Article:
Child pornography unacceptable

Laura Czingula, Editor in Chief
Laura Czingula, Editor in Chief

How does a naked female sound, lying back on her futon with her arms stretched out and her exposed genitals drawing the viewer’s eye to the center of the frame?

Well, for some of the perverts out there, that would sound pretty attractive. But what if the female was only 10 years old?

It takes on a whole new perspective when the female is a young innocent child. And that is child pornography. But according to artists David Hamilton and Jock Sturges, it is art.

Hamilton’s “The Age of Innocence” and Sturges’ “Radiant Identities” are two art books that have been selling at Barnes & Nobles all over the country. The focus of both books are naked children and is supposed to be seen as art. In no way should naked children be seen as art.

Both books are focused on naked girls on the precipice of puberty. Hamilton mostly shoots black and white but also has photography in his book with an endless array of gauzy color shots of girls. He claims that those particular pictures embroil viewers in issues of childhood and early adolescent sexuality.

According to an article in Newsweek, both of the books are, “enough to make even the staunchest liberal squirm.”

Some of the girls in the photographs are featured erotically, as though they are sex objects. In one of Hamilton’s pictures, he has a 13-year-old girl looking at her breasts, touching them tentatively.

What sort of beautiful art is that? It is not art, it is nothing but naked pictures of children. It is pornography! Next thing you know there will be a children’s Playboy being sold on newsstands.

Hamilton and Sturges are two artists whose work sexualizes children. Hamilton said it himself in an article in the Los Angeles Times, “Sex is a big part of what I do with the camera.”

Sex can be beautiful and it can be labeled as art, but not to the entire world, especially when the people you are referring to are just children.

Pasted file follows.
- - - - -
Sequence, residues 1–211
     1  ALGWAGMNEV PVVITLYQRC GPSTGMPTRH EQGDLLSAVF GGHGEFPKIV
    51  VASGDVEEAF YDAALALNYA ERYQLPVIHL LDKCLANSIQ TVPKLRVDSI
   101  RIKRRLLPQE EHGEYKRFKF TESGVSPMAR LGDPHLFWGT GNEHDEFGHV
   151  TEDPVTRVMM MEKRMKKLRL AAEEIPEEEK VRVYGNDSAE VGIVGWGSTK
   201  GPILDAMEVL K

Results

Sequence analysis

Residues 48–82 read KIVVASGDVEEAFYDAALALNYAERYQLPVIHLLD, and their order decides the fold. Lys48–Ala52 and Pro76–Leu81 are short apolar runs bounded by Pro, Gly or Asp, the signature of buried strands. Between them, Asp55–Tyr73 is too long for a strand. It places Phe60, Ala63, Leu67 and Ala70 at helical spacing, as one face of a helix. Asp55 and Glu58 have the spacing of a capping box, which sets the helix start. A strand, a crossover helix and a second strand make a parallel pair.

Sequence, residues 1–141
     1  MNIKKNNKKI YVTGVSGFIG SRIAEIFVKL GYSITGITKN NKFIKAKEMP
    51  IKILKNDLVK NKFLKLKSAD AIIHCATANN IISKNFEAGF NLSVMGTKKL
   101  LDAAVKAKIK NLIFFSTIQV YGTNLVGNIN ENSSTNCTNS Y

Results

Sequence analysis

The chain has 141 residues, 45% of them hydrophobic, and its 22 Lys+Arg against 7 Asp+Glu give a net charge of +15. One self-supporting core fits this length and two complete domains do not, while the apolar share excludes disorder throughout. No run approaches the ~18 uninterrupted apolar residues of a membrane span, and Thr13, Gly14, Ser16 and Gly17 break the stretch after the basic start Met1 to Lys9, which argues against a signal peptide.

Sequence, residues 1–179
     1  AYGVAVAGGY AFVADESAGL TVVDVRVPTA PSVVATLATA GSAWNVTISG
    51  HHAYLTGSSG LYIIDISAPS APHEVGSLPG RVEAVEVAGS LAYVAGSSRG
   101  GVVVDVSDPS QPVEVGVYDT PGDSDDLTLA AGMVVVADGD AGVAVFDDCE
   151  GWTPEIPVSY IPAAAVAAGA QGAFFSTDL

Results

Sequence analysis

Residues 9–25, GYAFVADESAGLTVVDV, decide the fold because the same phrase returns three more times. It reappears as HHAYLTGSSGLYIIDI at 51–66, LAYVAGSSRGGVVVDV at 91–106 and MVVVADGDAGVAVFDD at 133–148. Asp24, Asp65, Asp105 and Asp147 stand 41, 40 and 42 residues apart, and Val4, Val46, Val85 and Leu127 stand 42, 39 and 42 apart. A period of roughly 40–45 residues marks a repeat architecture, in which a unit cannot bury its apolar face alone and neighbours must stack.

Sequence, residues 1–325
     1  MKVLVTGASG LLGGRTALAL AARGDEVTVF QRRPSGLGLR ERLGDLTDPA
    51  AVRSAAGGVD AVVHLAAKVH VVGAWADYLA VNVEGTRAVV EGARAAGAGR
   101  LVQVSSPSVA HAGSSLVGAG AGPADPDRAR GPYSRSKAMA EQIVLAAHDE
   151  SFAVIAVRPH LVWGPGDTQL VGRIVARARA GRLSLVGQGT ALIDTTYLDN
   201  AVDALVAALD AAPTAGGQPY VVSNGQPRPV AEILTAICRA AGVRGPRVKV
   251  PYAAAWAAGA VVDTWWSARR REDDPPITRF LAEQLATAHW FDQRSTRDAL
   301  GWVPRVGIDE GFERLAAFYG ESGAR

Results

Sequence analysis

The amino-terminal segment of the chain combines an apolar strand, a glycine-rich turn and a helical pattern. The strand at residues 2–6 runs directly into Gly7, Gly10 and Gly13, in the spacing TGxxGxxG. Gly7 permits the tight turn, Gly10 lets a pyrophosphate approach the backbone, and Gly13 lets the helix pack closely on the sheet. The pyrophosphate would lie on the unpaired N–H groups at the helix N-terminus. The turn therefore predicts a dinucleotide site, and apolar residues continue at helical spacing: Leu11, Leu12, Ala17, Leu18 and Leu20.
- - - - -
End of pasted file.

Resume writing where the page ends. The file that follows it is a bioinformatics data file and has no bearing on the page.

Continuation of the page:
Throughout the books, there are not only pictures, but also short captions and poetry to go along with the disgusting pornography. One caption reads, “She is so lovely, our nymph and her potential is infinite. Heaven grant her the man who is worthy of her, and who comes to her bringing sex with tenderness. She has her virginity and her innocence; she will, if she is fortunate, trade them in due course for experience and love.”

What is that all about? That is the sort of corny wording that would be found in some sort of illegal child porno, but according to the artists it is words of art.

Children are so precious and innocent and millions of pictures should be taken of them all the time. Whether it is for a book or just to put in a homemade scrap book. But the pictures of children should not be naked ones with a caption explaining that one day the child will have her virginity taken away and that is a beautiful thing, that sort of reading is not acceptable for children.

Those children in the books are being exposed to so many new things and the slightest thing can influence them. The question is, will those children feel it is all right to go and take naked pictures and be naked whenever they want from now on and in the future?

I would not be surprised if there was a study of those children in Hamilton’s and Sturges photographs, and 10 years from now, some of children are porno stars or the next Playboy centerfolds. They were exposed it it at such a young age, they will probably do it when they become adults?

And probably the worse thing about this is that the parents of these children gave the OK for Hamilton and Sturges to photograph their children. And I am sure the money they received had nothing to do with it.

I know that if my mom had allowed me to be in one of those books at 10, 12 or 13, I would have resented it and I would not be very happy about it right now.

Hamilton claims that people who do not except his work are “the great unlaid.” Well for me, that is not the case at all. I just feel that naked pictures of children exposed to the world is sick and it should be stopped.

Laura Czingula, a senior journalism major, is editor in chief of the Campus Times. She can be reached by e-mail at czingula@ulv.edu.

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